I\'m interested. If 50% of the claims made are true it would be a major leap in mass transit. Imagine this tech used as the main transit service connecting near cities. I think that Vegas would be an appropriate site where a full scale version could be tested. Flat, open, with a straight run from the airport to the strip. Plus people who are willing to take risks are in no short supply, lol. (BTW. I must say that I\'m not sure where the \"terrorist proof\"ing of this system exists as claimed in the first section of the article.)
David Anderton
They should build this in Perth, when they build the line to the airport.
This rail system has been tried previously, albeit in a slightly different way. The overhead cable bus in the city of Mannheim, Germany, ran on track ropes like a cable car and was supposed to be a rapid transport system. Unfortunately, the dynamics of the system were not foreseen and the system was not a success. During use at higher speeds the rope in front of the vehicle formed a wave that could not pass the next support, resulting in a nasty vibration on the constantly shortening remaining segment of rope between the car and the support. This system seems better in that it is stabilised a bit more, but there still may be complications due to the light weight of the \'rails\'. I wish the designers good luck with this though, maybe they can come up with a suitable dampening system.
This is very similar to the Northrop-Grumman TTWIG, (Track Tethered Wing in ground effect).
In their concept the rail only provides guidanc and support while at rest.
In flight, the TTWIG has \"wings\" that generate lift, and flight is limited to ground effect only via a tether. (GROUND EFFECT LIFT IS 2X NORMAL) Propulsion was first envisioned to be either jet, or prop, but later electric driven prop was the final answer. It was envisioned to take advantage of the center poartion of the US Interstate Highway system.
Each \"station\" was to have a compressed air or steam catapult system to get the TTWIG up and running almost instantly.
The company abandoned the concept.
Leong Hee Chan
This shows the potential of innovation for a better greener world of mass rapid transport.
The sinusoidal wave-form harmonics created by an object travelling along a \'string\' are what will limit its speed, this is basically a high-speed cable-car. Not gonna happen. A better way is to suspend tube sections by cable underneath inverted L-shaped pillars through which a vehicle could travel - it works for fluid pipelines, it could work for a high-wire subway too.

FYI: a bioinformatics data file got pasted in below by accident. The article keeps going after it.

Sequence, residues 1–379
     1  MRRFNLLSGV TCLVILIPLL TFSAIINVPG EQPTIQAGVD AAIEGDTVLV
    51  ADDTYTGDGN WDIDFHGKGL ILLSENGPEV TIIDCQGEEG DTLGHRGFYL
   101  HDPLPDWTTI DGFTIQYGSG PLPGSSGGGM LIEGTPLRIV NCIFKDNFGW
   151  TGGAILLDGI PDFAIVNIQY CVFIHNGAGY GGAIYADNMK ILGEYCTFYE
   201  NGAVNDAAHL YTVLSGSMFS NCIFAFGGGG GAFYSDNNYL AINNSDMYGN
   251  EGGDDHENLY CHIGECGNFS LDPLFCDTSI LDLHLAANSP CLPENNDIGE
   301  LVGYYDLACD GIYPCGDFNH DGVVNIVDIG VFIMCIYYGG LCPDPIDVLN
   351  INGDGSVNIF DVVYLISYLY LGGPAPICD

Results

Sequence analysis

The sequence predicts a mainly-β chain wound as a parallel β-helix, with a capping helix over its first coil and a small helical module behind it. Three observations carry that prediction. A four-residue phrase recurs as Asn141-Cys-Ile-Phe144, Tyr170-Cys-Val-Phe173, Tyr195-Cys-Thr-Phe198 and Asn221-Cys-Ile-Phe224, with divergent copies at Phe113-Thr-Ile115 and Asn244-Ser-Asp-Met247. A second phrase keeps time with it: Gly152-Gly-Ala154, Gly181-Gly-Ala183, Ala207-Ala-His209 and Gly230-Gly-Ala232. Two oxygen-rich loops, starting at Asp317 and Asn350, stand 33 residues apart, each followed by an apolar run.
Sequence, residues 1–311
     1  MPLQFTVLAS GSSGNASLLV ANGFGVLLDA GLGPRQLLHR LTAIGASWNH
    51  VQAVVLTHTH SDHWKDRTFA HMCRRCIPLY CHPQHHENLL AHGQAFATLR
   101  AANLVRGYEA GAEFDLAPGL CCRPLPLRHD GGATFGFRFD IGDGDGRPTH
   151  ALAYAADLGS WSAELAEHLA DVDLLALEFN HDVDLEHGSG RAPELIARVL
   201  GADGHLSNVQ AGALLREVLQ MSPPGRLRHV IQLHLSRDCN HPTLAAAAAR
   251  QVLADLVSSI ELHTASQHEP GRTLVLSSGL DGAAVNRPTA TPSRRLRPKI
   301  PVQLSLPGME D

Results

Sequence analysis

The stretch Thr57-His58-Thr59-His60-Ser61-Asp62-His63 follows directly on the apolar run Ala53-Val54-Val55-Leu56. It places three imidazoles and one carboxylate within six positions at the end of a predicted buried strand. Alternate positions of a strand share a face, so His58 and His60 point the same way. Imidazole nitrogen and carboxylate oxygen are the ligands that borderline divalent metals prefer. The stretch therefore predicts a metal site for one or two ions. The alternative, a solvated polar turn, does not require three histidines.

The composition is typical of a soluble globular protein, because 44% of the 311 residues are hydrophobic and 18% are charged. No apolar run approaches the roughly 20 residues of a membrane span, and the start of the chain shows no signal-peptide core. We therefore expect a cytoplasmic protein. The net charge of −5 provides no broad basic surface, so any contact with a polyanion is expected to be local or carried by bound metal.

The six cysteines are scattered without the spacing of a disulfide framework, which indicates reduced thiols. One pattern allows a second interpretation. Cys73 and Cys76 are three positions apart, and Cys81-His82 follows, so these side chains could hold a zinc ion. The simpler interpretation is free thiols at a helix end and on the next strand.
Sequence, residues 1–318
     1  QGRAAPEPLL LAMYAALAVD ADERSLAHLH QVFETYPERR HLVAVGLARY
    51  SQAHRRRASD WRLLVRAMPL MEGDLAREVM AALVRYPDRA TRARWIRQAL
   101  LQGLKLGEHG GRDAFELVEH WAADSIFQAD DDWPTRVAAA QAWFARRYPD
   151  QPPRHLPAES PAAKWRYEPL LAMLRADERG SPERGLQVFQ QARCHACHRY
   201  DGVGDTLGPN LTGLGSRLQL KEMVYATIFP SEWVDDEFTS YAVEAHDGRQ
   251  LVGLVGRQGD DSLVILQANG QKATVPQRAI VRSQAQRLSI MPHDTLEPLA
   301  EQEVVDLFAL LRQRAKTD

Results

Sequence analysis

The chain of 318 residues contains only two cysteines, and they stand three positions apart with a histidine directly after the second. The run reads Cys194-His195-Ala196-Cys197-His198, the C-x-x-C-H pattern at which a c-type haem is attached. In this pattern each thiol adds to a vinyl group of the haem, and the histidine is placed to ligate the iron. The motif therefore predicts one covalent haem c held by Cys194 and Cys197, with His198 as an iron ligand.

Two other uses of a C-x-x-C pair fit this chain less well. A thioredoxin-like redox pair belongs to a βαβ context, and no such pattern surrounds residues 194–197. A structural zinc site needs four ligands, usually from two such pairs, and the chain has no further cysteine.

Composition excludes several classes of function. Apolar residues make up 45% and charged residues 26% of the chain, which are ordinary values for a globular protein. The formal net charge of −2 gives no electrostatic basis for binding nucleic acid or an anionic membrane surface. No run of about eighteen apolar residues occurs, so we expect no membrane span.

Peachtree City Mike
This is a fantastic idea, but the concept can include other services that have not been mentioned.
1. Why can\'t the system allow privately owned automated vehicles (such as sedans, recreational vehicles, and cargo transporters) thus replacing our expensive to install and maintain interstate road and expressway system. With the string rail system terminating in our neighborhoods, commuters could \"mount\" the system close to home and have a safe, automated method of transportation to their desired destination.
2. Commuters could safely use communications devices (cell phones, computers, etc.) without endangering other drivers while traveling from point A to B.
3. A company could send automated, driver-less cargo carriers from distribution centers to neighborhood outlets (think grocery stores).
4. With the addition of superconducting technology, the system could become the true \"Super Grid\" for electrical power distribution the world over.
5. Why can\'t our fiber optic telecommunications be integrated within the string rails to lower the cost of fiber distribution.
6. Fifty thousand automobile deaths per year -- Eliminated. Millions of deaths per year world wide -- Eliminated.
7. No more riding disease spreading buses and mass transit vehicles.
8. Elevating the system gives the ground level back to humans and animals (no more deer / car collisions).
There are hundreds more reasons that this system is the way to go.
THis is good news, even better that it becomes a maglev superhighway with the addition of a copper plate on the tubular steel, and the good news is that they (the sections)do not have to be connected to each other so expansion and contraction problems gone... Why hasn\'t anyone else seen this? Moving magnets levetate above copper and can generate field. So the cost becomes what 5280 x 2 pounds 1560lbs times $3 per lb equals 4680 so for 55000 per mile we have mag lev with very high speed possibilities. When can we build??
That TTWIG sounds very interesting. I daydreamed an almost identical concept some years back. Why did they abandon it? There\'s no information on it on the Web at all.
TC Lai
This is novel and is an option for different application of rail systems (including non-mass rapid transport). Reminds me of a roller coaster in an amusement park though! And can this be adapted for maglev? It certainly looks more cost/resource effective.